AMANDA Seyfried may have started out playing teen bombshells, but the rest of her career has defied typecasting. When she plays wide-eyed ingénues they come with a twist. In Mamma Mia! and Les Misérables, her heroines had a disconcerting habit of bursting into song.
She may begin a movie as a doe-eyed virgin, but by the end she has transformed into porn queen Linda Lovelace, and in Mean Girls she used her doll-like beauty to great effect as daffy high-school queen Karen, who claimed to be able to forecast the weather with her breasts.
“I get that quoted at me in the street, even now,” she says, demurely. It was the first time Seyfried knew her career was on course. “I definitely knew it would be a success. There was no way that movie could go wrong.” Ten years on, she is a little blonder and thinner than when she first came to attention in Tina Fey’s smart feminist comedy, but the really surprising thing is that she hasn’t done a comedy since – not even the default choice of a rising star, the romcom.
“A lot of scripts came my way to play dumb blondes that really didn’t have much character,” she says. “I didn’t do them because it would have really been only for money and work.”
Instead she was snapped up by TV to play the eldest daughter of a bigamist in HBO’s series Big Love, stood up to a possessed Megan Fox in the horror flick Jennifer’s Body, raced around with Justin Timberlake in the sci-fi picture In Time, and did a sexually amped-up Red Riding Hood who tamed wolves.
This month, however, she’s finally back in the comedy saddle with A Million Ways To Die In The West, joining an all-star cast that includes Liam Neeson, Charlize Theron, Giovanni Ribisi and Sarah Silverman. “It’s the funniest thing I’ve read since Mean Girls,” she says. “Maybe it’s a bit like Mel Brooks’ Blazing Saddles, but really dirty.”
The dirt is down to writer-director Seth MacFarlane, the creator of adult animated TV comedies Family Guy and American Dad, who had a hit two years ago with Ted, starring Mark Wahlberg and his foul-mouthed teddy. MacFarlane voiced the bear, but in A Million Ways To Die In The West he is in front of the camera in a major role for the first time as Albert, a farmer who is too cowardly to go through with a gunfight, and is dumped by his girlfriend Louise (Seyfried) in favour of the annoying but dapper Foy (Neil Patrick Harris) who runs the town’s “moustachery”. For the rest of the movie, MacFarlane tries to win Seyfried back with the help of a sharpshooter, played by Theron.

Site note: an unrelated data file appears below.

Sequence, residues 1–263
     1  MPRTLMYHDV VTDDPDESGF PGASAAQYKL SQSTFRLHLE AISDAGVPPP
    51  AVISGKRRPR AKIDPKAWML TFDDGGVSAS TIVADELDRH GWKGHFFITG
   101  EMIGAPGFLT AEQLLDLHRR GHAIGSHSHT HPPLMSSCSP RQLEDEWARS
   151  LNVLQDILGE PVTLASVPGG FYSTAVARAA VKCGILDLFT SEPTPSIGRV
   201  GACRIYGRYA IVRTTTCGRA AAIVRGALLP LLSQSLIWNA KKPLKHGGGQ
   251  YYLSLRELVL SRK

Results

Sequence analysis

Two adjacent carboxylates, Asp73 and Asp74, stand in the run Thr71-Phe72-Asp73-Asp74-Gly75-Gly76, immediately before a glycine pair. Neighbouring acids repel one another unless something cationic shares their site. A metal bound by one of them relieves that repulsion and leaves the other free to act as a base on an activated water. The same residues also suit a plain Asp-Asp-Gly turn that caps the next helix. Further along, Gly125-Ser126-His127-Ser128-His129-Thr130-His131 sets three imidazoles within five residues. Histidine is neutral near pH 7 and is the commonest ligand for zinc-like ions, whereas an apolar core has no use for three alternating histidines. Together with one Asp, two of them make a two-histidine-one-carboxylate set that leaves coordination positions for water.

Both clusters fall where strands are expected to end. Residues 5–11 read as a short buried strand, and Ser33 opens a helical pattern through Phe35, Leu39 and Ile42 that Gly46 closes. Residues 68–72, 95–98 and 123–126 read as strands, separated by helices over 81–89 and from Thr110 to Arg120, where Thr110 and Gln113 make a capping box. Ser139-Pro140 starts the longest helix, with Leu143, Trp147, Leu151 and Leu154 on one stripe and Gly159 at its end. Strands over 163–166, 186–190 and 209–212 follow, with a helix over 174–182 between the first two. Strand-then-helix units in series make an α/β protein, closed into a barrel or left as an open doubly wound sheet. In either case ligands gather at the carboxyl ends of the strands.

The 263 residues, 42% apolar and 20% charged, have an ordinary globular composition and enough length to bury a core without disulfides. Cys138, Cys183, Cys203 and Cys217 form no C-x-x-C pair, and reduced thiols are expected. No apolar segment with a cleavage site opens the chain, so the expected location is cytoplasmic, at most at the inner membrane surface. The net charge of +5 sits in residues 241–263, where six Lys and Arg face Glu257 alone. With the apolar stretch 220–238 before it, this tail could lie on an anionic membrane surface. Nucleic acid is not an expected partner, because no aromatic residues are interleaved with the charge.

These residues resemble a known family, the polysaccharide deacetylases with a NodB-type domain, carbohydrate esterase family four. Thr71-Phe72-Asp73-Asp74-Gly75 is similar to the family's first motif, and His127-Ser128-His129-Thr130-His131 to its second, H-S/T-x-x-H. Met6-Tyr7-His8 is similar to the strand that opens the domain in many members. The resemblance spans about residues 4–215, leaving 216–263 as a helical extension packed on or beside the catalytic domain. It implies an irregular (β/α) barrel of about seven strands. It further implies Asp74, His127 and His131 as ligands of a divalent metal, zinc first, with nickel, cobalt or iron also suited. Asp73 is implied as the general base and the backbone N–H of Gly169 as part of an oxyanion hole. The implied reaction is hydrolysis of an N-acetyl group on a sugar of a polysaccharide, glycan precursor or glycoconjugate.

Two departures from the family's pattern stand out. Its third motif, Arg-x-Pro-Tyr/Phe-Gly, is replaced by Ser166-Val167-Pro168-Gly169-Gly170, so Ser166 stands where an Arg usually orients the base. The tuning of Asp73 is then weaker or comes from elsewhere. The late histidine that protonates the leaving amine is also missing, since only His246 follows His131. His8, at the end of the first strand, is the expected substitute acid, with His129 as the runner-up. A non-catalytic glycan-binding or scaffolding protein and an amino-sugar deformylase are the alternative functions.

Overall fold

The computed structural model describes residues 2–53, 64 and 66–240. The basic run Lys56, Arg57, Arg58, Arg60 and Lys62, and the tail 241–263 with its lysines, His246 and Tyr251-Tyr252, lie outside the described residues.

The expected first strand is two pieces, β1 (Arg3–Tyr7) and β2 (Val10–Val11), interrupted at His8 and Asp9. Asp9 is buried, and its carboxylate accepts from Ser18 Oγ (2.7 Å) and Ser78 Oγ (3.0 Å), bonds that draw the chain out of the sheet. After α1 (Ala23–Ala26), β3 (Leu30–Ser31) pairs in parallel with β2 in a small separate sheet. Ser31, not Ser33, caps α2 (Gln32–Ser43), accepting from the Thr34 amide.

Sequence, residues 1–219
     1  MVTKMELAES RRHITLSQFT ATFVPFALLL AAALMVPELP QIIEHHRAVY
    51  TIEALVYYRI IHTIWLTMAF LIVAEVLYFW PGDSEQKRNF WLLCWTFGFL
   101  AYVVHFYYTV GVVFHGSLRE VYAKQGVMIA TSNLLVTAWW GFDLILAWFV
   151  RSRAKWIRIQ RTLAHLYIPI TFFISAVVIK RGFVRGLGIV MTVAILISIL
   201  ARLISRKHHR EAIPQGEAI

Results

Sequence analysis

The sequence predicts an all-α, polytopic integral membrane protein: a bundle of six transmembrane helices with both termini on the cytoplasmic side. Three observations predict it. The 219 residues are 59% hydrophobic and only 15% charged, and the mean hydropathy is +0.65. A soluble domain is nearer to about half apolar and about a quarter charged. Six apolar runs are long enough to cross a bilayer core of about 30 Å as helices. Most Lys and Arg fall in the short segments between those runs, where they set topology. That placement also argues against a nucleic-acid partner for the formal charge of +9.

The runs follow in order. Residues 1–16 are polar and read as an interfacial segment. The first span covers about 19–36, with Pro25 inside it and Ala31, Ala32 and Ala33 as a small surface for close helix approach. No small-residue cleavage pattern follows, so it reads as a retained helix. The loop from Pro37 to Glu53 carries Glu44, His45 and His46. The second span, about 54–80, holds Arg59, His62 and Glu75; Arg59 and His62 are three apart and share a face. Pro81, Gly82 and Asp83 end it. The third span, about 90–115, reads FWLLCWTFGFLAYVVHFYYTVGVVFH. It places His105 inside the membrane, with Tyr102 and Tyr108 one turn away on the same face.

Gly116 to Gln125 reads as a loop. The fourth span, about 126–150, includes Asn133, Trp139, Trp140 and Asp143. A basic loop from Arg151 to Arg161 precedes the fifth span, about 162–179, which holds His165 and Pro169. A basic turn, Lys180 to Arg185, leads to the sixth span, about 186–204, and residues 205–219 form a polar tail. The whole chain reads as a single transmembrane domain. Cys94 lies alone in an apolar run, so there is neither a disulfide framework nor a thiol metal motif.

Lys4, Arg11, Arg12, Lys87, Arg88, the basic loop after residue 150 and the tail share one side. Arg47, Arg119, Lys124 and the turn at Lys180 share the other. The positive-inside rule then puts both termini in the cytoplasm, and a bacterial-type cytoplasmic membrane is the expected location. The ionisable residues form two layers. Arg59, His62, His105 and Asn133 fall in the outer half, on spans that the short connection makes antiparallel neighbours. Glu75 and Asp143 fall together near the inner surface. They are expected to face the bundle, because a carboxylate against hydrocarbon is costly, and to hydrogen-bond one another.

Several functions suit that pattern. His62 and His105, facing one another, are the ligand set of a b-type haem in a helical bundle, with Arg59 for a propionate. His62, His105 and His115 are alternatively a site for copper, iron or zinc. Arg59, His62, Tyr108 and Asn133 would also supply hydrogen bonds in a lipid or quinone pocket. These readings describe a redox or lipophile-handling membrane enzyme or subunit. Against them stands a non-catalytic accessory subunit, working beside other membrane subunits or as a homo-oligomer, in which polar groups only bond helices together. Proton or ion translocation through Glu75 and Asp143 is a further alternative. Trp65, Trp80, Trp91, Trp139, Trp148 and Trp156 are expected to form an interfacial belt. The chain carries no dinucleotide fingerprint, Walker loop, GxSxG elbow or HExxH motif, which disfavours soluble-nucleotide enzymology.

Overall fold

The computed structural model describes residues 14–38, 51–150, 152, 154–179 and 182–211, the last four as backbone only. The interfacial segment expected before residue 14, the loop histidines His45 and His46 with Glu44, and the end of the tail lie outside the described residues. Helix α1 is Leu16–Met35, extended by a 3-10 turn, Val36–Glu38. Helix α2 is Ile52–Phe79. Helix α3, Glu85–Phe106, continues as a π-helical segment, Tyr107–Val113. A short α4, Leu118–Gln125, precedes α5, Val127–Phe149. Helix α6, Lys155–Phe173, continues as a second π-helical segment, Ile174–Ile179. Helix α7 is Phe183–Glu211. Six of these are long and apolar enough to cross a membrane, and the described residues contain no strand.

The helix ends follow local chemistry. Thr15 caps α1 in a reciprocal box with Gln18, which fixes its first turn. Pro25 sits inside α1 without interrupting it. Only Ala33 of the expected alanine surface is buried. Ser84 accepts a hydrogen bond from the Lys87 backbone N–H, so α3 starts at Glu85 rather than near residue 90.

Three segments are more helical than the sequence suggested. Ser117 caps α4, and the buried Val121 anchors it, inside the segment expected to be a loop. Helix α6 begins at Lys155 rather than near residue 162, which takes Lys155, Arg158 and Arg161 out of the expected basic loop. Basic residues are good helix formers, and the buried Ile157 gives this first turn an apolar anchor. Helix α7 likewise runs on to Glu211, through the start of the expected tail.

Filmed in Arizona and Santa Fe, New Mexico, as the title suggests, there’s a certain amount of attention given to the lethal nature of frontier life. “Everything that’s not you, wants you dead,” says Albert, who balances his cowardice with social commentary and acute observational humour far beyond his era. “Outlaws, Indians, angry gamblers, disgruntled prostitutes, wild animals, the weather, disease – even a trip to the dentist means taking your life in your hands.” The body count is a relatively modest 15, but it’s the randomness that is startling: during one monologue a cattle stampede takes out a bystander, and the speaker doesn’t even pause.